Real-time neural style transfer for video
by Jeffrey Rainy and Archy de Berker
Mur.AI is a setup for real-time stylized video. It takes a reference style image, such as a painting, and a video stream to process. The video stream is then processed so that it has the style of the reference image. The stylization is done in real-time, producing a stylized video stream.
In a previous post, we described a technique to stabilize style transfer so that it works well for videos. We’ve subsequently deployed those techniques to produce a system which we’ve demoed at a variety of conferences, including C2, Art Basel and NIPS. You can check out some of the resulting selfies on Twitter.
In this post, we present some high-level explanations of how the system works. We’ll provide a primer on style transfer and convolution, and detail some of the engineering challenges we overcame to deploy our algorithm to the real world.
What is style transfer?
Style transfer is the application of the artistic style of one image to another image:
The technique was first introduced in the paper A Neural Algorithm of Artistic Style by Leon A. Gatys, Alexander S. Ecker, and Matthias Bethge. Since then we’ve seen style transfer applied all over the place, and a variety of improvements to the original algorithm. In particular, in our implementation we build upon the work Perceptual Losses for Real-Time Style Transfer and Super-Resolution by Justin Johnson, Alexandre Alahi, and Fei-Fei Li, which provides a faster solution for style transfer which is more readily applicable to video.
How does it work?
Each frame of the video that is stylized goes through a Convolutional Neural Network (CNN) and is then displayed on screen. For a beautiful introduction to convolutional networks, see Chris Olah’s post and for a visual guide to convolution, see Vincent Dumoulin’s GitHub repo.
Briefly, a CNN performs multiple convolution operations on an image to obtain another one. Each convolution is an operation on the pixels in a square region of your image. In a CNN, the same operation is repeated all over the image to compute each pixel. The diagram below illustrates the processing done by a single convolution:
At deployment time, we use a single CNN, which we’ll call the stylization CNN, to produce our stylized image. When we talk about “learning a style,” we are talking about finding the parameters of the stylization network so that it produces the right style.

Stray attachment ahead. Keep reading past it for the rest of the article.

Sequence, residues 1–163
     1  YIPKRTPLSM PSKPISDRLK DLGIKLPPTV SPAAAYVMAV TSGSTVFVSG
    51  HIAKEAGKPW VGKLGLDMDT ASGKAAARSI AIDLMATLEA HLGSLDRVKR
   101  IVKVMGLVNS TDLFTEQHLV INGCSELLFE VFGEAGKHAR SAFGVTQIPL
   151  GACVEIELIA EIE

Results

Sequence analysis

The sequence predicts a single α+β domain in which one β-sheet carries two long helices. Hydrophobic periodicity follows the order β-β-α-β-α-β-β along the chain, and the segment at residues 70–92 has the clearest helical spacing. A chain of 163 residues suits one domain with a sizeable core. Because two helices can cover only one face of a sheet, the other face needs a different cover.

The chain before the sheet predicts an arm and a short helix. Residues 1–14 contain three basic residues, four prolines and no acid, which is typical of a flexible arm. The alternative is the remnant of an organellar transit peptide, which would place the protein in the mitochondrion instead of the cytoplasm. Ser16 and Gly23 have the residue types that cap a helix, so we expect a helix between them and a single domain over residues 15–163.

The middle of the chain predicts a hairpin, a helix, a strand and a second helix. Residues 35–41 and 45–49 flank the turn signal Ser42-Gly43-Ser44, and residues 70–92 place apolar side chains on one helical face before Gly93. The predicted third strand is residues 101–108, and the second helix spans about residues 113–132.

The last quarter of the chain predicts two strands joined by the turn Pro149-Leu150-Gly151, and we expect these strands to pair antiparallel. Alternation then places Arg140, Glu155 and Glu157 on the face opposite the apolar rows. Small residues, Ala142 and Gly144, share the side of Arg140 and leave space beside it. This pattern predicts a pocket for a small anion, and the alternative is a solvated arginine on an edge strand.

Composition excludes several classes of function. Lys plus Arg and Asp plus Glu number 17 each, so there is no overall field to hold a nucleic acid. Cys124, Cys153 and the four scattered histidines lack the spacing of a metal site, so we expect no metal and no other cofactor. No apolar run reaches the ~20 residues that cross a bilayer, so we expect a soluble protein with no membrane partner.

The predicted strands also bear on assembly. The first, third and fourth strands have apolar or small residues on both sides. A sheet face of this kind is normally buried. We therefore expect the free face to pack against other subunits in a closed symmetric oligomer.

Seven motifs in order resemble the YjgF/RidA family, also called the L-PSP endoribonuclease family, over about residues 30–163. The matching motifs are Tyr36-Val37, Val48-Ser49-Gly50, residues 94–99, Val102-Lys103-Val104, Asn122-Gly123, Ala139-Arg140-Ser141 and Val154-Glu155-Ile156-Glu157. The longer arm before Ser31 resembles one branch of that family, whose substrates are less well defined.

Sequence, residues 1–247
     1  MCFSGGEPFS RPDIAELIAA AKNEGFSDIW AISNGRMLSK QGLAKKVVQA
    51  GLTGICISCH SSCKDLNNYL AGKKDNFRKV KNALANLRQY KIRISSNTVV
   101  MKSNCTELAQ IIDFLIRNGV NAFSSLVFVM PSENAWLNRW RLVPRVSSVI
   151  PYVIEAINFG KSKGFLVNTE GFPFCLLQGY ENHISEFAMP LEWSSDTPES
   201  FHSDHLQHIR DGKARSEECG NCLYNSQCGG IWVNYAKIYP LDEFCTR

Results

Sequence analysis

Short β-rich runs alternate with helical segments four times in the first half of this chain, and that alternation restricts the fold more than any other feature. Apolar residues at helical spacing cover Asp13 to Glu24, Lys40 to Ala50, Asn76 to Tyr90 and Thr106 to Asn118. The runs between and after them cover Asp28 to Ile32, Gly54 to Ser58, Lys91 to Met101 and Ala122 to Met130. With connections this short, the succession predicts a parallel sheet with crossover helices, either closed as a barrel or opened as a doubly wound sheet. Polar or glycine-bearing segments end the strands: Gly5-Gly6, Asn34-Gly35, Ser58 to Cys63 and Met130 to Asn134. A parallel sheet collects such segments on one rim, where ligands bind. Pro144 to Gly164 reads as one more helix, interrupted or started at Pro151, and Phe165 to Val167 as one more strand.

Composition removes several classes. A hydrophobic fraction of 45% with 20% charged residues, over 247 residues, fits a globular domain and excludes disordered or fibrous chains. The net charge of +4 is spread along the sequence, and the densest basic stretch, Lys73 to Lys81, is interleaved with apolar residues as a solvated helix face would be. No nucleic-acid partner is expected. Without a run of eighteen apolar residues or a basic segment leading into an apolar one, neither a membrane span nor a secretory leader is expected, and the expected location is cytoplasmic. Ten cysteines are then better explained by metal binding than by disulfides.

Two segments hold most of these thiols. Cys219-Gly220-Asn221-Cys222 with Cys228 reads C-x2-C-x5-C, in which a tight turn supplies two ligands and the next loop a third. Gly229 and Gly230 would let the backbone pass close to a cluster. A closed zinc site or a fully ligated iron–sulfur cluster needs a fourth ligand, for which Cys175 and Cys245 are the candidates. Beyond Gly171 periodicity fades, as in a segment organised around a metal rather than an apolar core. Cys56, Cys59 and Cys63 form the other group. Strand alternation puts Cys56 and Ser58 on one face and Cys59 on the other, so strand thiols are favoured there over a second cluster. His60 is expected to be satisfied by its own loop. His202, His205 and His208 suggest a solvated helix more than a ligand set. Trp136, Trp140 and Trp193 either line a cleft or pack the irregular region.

In order to find those parameters, we’re going to use a second network: a classification CNN. We use this as a feature extractor to provide representations of the style and the content of our input images.
A classification CNN takes an image and tries to identify what the image contains. For example if you had some photos of cats and dogs, you might train a classification CNN to figure out which ones are which. In the classifier CNN we use, the task is to classify small images into one of 1000 categories, a hugely popular task named ImageNet.
The classifier network performs multiple convolutions on an image to produce features useful for classification. As an image goes through the network, it becomes smaller and smaller in size (pixels) but it also grows in terms of components per pixel. From RGB input (3 components) at full resolution, it iteratively shrinks the image to a single pixel, but with many components: the probability of the image representing each of many categories.
Although the network is originally trained for classification, we’re not going to use it for that. An attractive feature of CNNs is that they naturally recapitulate the hierarchies that exist in natural images. Earlier in the network, we capture small-scale features such as edges. Later in the network, we capture larger-scale features, like whole objects. You can explore this phenomenon in your browser here.
Imagine feeding a picture of yourself in pajamas to the network. After the first layers, the information the network processes would map to local features (“thin vertical blue stripes”) whereas the last layers of the network would capture features that describe the picture as a whole (“someone standing”). Thus, early layers capture the style of an image, whilst the features learned by late layers capture the content.